By: Hillel Fuld
Ever since the beginning of time, (or at least the beginning of Twitter, but who remembers a world before Twitter anyway?), the big question that has occupied Twitter users around the globe is, how to decide who to follow on Twitter. There used to be a pretty solid way to find new people, but then Twitter canned it. There are of course countless directories online for the Twitter community, but I have never found any of them to be too interesting or relevant. Well, except this list of of the first 99 people to follow.
Putting aside the “finding new people to follow” question, what happens when someone follows you? Do you follow back? What influences your decision whether to follow back or delete the email? Speaking of emails, my personal Twitter experience changed drastically this past week and not in a good way. Since my first month on Twitter, I have been using a fantastic service called Topify to notify me of new followers. The service was created by a good friend Arik Fraimovich, but he recently canceled it to protest Twitter’s poor treatment of its developers. You can read about Topify here and why he closed it down here. Arik, please bring Topify back and as John Biggs and I both told you on Twitter, feel free to charge for the service, we would both happily pay. Happy to hear you are considering it.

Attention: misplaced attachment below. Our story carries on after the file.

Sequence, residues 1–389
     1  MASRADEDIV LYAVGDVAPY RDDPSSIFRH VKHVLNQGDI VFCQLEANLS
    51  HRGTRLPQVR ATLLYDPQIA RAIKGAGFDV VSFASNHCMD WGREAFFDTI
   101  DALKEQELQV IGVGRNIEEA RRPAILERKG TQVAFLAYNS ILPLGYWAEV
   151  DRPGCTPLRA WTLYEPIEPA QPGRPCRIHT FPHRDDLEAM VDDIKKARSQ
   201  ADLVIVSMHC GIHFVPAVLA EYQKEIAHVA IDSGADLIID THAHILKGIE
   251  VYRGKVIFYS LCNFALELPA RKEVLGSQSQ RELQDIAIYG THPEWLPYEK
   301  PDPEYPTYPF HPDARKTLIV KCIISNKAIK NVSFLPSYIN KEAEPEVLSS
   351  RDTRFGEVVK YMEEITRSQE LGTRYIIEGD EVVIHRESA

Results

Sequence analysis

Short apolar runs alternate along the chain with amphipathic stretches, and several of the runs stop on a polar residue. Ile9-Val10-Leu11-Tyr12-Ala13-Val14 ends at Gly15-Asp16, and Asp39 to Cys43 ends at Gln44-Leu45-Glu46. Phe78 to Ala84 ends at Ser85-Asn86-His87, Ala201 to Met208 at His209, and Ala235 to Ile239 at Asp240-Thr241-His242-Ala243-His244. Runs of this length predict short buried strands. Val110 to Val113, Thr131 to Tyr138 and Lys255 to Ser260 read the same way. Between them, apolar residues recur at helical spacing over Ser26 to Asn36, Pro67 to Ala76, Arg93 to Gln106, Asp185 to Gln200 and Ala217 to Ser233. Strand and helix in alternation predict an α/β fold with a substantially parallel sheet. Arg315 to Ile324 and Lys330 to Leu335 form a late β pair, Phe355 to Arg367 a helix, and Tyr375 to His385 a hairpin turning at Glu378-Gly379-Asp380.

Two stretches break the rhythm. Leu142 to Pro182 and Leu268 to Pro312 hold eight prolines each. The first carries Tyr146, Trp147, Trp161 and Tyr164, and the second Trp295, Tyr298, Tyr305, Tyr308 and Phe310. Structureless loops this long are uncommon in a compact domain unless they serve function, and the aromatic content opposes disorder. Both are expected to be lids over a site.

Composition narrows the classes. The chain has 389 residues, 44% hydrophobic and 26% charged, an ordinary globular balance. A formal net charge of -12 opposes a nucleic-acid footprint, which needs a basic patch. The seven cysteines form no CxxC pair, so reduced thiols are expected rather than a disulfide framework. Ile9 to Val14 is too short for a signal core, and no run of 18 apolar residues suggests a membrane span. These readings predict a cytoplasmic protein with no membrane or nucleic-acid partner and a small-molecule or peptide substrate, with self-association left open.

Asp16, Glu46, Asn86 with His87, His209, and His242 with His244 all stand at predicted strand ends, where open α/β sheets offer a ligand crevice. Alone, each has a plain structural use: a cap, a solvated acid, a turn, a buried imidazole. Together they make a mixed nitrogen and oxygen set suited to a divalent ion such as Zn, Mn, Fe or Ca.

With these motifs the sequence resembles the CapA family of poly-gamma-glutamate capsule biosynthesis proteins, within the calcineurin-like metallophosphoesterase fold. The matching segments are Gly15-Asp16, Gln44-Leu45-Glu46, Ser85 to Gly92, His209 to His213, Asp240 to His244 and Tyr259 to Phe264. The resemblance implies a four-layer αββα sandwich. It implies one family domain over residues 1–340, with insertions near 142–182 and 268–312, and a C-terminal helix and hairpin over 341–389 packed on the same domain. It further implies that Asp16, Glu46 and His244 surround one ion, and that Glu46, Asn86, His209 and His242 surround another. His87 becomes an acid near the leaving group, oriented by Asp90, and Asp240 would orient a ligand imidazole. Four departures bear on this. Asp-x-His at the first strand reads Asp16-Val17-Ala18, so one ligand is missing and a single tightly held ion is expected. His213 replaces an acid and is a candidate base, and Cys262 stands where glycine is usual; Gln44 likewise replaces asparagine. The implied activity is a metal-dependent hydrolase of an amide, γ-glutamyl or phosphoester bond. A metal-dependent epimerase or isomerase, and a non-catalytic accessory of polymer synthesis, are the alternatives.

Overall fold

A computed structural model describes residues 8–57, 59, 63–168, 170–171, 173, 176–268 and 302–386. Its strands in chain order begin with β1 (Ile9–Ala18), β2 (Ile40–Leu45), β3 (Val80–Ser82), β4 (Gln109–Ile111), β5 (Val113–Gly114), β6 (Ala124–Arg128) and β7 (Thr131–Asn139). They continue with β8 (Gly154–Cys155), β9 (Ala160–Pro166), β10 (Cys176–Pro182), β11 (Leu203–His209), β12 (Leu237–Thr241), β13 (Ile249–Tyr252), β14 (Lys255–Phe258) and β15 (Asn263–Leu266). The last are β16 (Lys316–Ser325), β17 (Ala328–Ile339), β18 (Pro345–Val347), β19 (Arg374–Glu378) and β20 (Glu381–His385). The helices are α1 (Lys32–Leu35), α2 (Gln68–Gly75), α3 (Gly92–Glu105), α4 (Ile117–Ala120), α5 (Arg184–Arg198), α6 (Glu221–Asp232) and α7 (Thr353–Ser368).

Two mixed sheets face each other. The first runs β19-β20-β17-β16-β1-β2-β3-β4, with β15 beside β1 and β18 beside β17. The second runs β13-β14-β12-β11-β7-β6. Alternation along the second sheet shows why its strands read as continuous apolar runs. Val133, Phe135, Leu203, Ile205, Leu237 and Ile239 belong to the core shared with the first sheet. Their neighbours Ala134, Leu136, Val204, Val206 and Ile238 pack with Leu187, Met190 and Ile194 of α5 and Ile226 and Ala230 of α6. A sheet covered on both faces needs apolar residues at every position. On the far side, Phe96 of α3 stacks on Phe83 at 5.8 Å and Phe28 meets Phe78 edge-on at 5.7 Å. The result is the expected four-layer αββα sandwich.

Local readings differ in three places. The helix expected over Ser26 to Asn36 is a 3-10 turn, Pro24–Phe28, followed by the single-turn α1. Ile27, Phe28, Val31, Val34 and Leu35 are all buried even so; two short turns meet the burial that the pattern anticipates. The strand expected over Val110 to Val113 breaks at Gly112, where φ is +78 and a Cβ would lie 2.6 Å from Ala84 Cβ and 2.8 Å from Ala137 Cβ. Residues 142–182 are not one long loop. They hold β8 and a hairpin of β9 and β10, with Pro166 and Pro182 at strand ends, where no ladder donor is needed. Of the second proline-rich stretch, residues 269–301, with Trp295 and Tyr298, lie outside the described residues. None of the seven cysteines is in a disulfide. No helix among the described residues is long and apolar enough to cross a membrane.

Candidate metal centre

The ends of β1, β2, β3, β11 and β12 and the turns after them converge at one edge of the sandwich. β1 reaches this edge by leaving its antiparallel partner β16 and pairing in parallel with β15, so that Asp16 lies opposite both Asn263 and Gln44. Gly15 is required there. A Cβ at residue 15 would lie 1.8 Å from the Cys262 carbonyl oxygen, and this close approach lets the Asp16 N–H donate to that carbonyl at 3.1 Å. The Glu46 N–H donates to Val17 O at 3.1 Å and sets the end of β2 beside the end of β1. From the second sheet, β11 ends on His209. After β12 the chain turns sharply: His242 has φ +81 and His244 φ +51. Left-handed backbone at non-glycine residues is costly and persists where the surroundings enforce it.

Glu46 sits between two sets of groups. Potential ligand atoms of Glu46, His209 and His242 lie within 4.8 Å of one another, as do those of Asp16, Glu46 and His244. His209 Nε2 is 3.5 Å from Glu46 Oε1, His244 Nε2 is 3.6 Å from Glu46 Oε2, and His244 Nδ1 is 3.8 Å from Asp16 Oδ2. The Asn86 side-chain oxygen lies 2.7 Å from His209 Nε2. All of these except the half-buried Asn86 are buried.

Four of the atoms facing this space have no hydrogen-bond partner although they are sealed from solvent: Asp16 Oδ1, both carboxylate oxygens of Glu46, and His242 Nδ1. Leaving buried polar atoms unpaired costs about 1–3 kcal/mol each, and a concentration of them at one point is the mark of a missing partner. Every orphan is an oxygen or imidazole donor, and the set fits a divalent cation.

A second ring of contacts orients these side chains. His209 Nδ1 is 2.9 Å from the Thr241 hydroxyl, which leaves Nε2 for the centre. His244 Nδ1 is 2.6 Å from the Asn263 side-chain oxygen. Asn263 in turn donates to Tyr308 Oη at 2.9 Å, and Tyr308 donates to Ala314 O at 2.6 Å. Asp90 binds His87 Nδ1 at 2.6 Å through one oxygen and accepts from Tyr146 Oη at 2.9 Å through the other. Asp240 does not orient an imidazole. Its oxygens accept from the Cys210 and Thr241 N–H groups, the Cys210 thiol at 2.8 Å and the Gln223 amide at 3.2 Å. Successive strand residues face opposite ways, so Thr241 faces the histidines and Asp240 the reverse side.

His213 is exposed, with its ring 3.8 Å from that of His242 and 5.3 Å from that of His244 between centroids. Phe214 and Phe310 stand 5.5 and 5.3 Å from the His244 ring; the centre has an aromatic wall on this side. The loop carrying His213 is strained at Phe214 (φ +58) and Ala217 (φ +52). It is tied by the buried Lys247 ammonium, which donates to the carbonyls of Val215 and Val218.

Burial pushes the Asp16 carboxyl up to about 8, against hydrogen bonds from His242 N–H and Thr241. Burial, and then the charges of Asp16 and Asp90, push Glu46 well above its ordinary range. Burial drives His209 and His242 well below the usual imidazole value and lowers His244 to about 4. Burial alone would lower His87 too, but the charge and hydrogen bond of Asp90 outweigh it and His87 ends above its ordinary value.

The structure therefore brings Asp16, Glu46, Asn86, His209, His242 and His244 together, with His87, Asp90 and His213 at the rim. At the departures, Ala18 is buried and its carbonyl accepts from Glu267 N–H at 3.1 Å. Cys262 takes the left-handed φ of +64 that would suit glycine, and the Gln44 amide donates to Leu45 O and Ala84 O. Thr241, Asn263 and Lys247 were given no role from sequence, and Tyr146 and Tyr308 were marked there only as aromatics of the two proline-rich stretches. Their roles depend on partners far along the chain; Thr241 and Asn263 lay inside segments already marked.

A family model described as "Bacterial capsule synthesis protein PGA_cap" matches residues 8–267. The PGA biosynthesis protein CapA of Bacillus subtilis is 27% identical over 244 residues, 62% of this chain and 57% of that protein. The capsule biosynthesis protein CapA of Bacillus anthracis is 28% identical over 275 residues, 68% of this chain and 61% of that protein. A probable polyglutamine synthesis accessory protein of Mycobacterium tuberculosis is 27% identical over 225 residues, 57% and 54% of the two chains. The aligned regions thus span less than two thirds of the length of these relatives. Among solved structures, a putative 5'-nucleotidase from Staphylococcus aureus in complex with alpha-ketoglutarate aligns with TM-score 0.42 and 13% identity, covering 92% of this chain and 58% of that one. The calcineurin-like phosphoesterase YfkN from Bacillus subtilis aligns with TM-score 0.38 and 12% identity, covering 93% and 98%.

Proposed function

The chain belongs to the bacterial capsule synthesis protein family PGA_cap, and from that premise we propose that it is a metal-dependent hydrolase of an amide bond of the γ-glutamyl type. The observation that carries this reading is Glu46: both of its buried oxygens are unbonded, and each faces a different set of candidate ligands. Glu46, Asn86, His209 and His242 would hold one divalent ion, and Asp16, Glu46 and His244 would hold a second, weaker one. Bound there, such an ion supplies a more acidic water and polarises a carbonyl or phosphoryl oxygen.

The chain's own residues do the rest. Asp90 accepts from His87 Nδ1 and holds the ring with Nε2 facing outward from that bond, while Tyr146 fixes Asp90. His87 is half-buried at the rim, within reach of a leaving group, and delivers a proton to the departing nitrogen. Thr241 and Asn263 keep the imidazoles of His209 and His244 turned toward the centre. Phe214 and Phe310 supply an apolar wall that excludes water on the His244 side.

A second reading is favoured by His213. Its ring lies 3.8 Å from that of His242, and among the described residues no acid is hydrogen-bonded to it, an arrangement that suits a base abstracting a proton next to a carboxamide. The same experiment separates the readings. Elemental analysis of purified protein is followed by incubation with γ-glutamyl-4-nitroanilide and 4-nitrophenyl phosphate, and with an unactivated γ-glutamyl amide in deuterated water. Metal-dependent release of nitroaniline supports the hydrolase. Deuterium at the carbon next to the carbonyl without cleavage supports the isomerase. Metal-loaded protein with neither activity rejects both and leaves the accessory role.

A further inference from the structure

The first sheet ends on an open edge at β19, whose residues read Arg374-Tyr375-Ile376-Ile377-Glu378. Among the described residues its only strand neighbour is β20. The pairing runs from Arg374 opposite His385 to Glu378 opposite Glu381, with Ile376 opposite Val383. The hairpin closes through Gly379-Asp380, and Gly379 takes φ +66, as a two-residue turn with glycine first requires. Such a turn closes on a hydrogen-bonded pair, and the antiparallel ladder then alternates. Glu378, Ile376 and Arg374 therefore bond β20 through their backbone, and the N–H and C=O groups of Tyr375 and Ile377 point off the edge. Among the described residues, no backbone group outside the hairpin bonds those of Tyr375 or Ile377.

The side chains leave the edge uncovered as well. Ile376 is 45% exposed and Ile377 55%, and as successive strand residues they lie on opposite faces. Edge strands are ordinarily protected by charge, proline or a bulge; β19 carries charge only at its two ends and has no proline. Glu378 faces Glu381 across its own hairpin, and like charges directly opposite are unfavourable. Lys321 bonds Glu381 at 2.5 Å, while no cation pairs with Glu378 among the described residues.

Speaking of awesome services pertaining to Twitter and the question of following back, here is some breaking news for you. A friend is unveiling (more like I am unveiling, right now) a new site called twtrland that will give you any and all important information needed to make the decision of whether to follow back. You HAVE to see this site, it is all you will ever need to make that decision. Bookmark it now, thank me later. You can see my profile on twtrland here.
As for the question at hand, I can only speak for myself and the way I decide whether to follow back. I have also done a little crowd sourcing and got some super interesting answers like this, this, and this. The way I decide who to follow in a vast majority of cases is this. OK, enough clicking for now… The following are five parameters by which I decide whether to follow a person back once they follow me. I have to say, making this decision with Topify that showed me every single one of these parameters right in the follow email notification, was a whole lot easier.
Here goes and yes, they are in order of importance:
Replies to Tweets Ratio
The first thing I look at when I get an email that a person is following me is, how many of the person’s last ten tweets were replies? None? Hello Delete button. I am the last person on earth to claim that numbers count on social media, they don’t, with the exception of a few things. Speaking of twtrland, take a look at the screen shot below, that is the segmentation of my tweets and I am most proud of the reply percentage seen in orange…